Pip, bookseller at Harry Hartog Miranda, shares her thoughts on "Children of Blood and Bone," by Tomi Adeyemi.
The first book in a new fantasy series and debut from Adeyemi, "Children of Blood and Bone," is a unique story that follows complex characters as they set out on a quest to bring back magic. Inspire by West African mythology and setting, the story also largely focuses on racial discrimination, fearmongering and power. As our protagonists journey across a lavishly described and developed world-setting, they are hunted by the King and Crown Prince, both who are terrified by the prospect of magic returning, as it threatens to upend the control they have established. Loathe to relinquish control, they kill anyone who stands in their way, destroying generations of magic-wielders and their families and livelihoods, leaving the kingdom of Orisha in a devastating class system marked by skin tone and magical aptitude. Throughout this novel, the female protagonists -- Zelie and Amira -- work to break down these class barriers as Zelie, the only saviour of magic, accepts a power that is beyond that of even the Crown Prince, and Amira, the runaway, lighter-skinned princess, becomes an integral part of Zelie’s fight, overcoming her own strongly entrenched racial prejudices and fears to recognise the reality of her father’s malignant rule and her kingdom’s destruction. Together, they are an inspirational and empowering duo who grow to respect and admire each other, working towards a common goal, fearlessly fighting for what they know to be right. Amira, in particular, is a fascinating example of skilful character development on Adeyemi’s part.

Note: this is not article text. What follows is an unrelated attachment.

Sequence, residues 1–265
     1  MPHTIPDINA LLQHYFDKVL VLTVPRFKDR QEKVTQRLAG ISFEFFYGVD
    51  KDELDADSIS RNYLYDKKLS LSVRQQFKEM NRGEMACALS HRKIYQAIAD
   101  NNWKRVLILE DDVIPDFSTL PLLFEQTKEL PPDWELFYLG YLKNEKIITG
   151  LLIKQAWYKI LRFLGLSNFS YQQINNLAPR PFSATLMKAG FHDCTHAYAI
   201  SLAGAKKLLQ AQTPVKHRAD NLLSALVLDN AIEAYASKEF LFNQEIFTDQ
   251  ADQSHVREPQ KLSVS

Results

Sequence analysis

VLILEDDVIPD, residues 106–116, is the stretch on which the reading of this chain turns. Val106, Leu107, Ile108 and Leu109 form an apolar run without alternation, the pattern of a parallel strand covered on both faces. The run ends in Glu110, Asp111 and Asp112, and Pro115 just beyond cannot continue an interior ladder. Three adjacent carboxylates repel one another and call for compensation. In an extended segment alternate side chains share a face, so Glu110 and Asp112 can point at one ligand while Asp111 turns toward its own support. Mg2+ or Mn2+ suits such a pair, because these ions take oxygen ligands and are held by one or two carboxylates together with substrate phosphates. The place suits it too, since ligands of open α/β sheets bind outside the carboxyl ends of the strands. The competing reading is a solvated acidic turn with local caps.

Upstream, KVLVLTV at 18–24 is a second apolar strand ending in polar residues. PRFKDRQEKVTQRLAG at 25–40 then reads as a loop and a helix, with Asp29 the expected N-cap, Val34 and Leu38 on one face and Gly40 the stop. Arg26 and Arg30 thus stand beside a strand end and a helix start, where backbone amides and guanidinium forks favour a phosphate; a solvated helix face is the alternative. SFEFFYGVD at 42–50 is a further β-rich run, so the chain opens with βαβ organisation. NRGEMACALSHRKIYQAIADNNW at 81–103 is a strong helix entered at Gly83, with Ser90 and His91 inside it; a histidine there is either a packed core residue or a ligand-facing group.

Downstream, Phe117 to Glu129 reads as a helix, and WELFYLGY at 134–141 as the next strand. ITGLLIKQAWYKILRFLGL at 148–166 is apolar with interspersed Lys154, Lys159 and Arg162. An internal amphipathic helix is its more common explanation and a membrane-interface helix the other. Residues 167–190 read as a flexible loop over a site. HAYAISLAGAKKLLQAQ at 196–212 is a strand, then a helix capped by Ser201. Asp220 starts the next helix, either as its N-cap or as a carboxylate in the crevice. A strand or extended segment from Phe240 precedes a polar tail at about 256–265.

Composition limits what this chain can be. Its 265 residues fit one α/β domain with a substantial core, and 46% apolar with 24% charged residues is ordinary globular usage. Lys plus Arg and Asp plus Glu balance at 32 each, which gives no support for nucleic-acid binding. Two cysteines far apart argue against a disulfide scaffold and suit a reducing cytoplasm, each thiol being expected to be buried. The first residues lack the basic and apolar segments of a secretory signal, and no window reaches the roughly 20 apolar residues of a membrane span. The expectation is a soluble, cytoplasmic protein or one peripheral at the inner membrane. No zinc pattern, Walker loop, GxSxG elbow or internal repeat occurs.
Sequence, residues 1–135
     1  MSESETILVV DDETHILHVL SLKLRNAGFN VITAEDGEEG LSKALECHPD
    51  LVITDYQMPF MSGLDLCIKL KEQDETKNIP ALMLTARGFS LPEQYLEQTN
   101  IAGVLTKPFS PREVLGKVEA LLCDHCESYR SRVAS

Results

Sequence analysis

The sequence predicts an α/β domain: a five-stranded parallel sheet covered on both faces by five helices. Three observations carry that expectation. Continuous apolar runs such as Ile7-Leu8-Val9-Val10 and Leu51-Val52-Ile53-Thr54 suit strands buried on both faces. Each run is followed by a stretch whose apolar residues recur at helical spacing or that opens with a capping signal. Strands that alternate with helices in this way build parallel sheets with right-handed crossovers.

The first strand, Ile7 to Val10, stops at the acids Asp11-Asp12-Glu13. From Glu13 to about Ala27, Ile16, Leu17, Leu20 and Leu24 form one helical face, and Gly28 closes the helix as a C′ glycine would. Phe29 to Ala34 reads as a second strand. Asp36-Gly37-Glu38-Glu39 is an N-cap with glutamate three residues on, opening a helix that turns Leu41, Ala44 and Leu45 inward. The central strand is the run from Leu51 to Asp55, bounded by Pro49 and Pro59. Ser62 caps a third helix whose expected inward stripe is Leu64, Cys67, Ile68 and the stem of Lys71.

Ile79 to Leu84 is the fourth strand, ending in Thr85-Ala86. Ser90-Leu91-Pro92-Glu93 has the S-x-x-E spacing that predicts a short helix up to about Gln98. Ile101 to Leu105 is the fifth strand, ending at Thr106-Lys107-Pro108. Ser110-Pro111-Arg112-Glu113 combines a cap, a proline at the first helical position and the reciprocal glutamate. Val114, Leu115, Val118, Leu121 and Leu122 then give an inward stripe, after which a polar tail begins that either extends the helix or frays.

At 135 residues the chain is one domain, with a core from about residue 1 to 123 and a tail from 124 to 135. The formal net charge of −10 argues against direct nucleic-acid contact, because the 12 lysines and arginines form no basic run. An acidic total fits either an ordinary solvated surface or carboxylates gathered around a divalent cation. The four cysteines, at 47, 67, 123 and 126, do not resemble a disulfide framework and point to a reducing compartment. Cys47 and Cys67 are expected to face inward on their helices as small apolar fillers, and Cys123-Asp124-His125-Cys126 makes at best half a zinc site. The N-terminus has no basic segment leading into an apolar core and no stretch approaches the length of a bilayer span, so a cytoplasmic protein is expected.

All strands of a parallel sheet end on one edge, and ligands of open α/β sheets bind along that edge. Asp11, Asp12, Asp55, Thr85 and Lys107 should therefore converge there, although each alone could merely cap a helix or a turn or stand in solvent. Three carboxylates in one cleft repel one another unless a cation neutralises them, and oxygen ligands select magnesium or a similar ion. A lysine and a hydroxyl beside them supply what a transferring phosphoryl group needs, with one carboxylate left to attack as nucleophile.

Despite the perceived thickness of this novel, it reads quickly and will keep you on your toes throughout. With a plethora of plot twists, many well-crafted fight scenes and both funny and heart-wrenching dialogue, this novel is not a drag in the slightest. The ending, in particular, will leave you breathless. You’ve been warned…. The magic system of this novel is so interesting. Whilst complex, it is clearly defined and explained and includes a handy guide to refer to throughout the novel. Each maji has a distinctive power or abilities that places them into one of 10 magic groups, tying them as brother or as sister of one of their Gods or Goddesses. These powers include the ability to summon shadow spirits from the dead, flames from one’s hands, weld metal, read minds and dreams and many more. I am extremely intrigued and looking forward to seeing how this integral part of the story is further developed in the books to come.
Finishing on a major cliff-hanger, I cannot believe we have to wait a whole year to read the continuation in the Legacy of Orisha series, however I truly believe it is worth the wait. Already optioned for a movie, this novel has received a lot of buzz in the book community since its release and it is entirely deserved.